What Is the Shanghai Stock Exchange?

The Shanghai Stock Exchange (SSE) is the largest stock exchange in mainland China. It is a nonprofit organization run by the China Securities Regulatory Commission (CSRC). Stocks, funds, bonds, and derivatives are all traded on the exchange.

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Shanghai Stock Exchange

Shanghai Stock Exchange Explained

On the SSE, there are two main classes of stock for every listed company traded on the exchange: A-shares and B-shares. B-shares are quoted in U.S. dollars and are generally open to foreign investment. A-shares are quoted in yuan and are only available to foreign investment through a qualified program known as QFII.

Chinese equities are also traded on the Hong Kong Exchange, which has been trading H-shares in Chinese companies for many years. These equities are also open to foreign investment and are denominated in Hong Kong dollars (HKD).

Most of the total market cap of the SSE is made up of formerly state-run companies like major commercial banks and insurance companies. Many of these companies have only been trading on the exchange since 2001. The SSE ranked fourth in the world in 2016 in terms of total market cap for equity exchanges, behind only the NYSE, Nasdaq, and Tokyo Stock Exchange.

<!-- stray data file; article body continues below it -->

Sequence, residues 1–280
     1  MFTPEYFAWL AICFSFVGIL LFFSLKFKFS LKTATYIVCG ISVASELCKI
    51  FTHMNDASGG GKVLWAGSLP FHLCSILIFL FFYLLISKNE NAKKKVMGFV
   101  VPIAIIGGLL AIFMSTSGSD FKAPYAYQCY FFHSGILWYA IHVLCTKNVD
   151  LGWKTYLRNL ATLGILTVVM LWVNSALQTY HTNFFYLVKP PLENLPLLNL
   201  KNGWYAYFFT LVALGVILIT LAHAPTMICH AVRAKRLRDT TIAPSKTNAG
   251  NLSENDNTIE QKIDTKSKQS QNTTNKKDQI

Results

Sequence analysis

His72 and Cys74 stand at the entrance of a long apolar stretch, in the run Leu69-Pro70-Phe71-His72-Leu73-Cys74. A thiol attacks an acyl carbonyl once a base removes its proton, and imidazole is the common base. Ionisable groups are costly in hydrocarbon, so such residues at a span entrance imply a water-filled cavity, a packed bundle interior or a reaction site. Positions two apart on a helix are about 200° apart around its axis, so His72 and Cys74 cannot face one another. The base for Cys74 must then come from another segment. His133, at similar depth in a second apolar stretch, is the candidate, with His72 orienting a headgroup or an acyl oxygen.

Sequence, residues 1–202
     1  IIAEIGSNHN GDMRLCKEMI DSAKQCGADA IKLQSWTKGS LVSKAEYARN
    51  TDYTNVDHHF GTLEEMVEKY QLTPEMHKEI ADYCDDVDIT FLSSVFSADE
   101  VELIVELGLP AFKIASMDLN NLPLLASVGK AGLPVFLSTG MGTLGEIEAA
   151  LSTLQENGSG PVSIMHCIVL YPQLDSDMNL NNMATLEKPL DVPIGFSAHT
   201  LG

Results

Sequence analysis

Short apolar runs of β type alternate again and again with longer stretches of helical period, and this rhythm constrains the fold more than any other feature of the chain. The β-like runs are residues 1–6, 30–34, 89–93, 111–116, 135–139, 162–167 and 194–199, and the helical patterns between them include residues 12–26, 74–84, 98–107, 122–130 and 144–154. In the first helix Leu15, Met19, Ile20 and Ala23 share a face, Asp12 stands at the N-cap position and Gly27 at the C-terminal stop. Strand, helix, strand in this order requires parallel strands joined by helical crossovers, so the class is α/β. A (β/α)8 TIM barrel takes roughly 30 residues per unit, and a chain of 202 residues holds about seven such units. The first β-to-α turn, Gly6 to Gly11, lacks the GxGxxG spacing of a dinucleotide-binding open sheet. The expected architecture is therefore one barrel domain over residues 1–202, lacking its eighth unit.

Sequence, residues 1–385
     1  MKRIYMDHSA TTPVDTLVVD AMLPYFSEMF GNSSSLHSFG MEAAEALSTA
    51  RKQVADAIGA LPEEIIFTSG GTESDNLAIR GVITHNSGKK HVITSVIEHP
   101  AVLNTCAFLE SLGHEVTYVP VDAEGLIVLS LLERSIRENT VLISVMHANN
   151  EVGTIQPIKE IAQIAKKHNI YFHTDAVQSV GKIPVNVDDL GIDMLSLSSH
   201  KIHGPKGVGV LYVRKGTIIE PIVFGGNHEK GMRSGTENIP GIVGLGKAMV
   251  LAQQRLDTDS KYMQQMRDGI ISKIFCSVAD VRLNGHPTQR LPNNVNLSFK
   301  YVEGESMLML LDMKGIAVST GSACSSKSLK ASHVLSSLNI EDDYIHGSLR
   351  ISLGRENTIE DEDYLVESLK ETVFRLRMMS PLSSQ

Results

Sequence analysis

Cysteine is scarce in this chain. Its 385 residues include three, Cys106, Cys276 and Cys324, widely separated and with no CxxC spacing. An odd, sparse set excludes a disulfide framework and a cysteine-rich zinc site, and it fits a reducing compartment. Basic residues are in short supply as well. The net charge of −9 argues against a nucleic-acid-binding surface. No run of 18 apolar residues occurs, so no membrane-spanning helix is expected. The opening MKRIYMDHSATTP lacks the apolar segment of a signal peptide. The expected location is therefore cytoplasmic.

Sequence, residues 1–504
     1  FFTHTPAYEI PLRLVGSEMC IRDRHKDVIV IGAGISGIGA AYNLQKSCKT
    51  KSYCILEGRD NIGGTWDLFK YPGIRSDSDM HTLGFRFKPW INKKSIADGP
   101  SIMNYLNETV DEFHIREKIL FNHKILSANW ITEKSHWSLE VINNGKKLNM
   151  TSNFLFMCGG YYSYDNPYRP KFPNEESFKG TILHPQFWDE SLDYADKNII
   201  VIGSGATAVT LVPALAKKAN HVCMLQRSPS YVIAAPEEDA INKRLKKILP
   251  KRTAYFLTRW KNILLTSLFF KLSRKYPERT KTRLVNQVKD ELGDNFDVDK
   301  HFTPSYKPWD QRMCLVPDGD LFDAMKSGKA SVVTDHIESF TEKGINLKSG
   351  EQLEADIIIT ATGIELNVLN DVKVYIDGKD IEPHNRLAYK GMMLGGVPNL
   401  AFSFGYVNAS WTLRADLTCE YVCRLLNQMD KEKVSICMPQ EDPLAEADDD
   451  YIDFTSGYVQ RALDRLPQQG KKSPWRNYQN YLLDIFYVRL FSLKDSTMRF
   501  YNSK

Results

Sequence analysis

Stock Listing Requirements

A company hoping to be listed on the SSE must meet the following requirements:

  1. The company must have gained the approval of the CSRC.
  2. It must have a total share capital of more than RMB (renminbi) 50 million.
  3. The amount of publicly-offered stock must be greater than 25 percent of total issued shares, unless a company's total share capital is more than RMB 400 million, in which case the percentage is reduced to only 10 percent.
  4. The company must not have committed any major illegal acts or financial report falsehoods over the past three years.

Reporting Requirements

The SSE requires that companies listed on the exchange prepare and disclose periodic reports within the time limit specified in laws, administrative regulations, and various applicable rules. The annual report should be disclosed within four months from the end of each financial year, the interim report within two months of the end of the first half of each financial year, and the quarterly report within one month from the end of the first three months and the end of the first nine months of the financial year. It is also required that the first-quarter report be disclosed no earlier than the annual report of the previous year. 

The company's annual report must be audited by a qualifying CPA firm in the securities- and futures-related business. The SSE generally exempts companies from having to audit their interim and quarterly reports.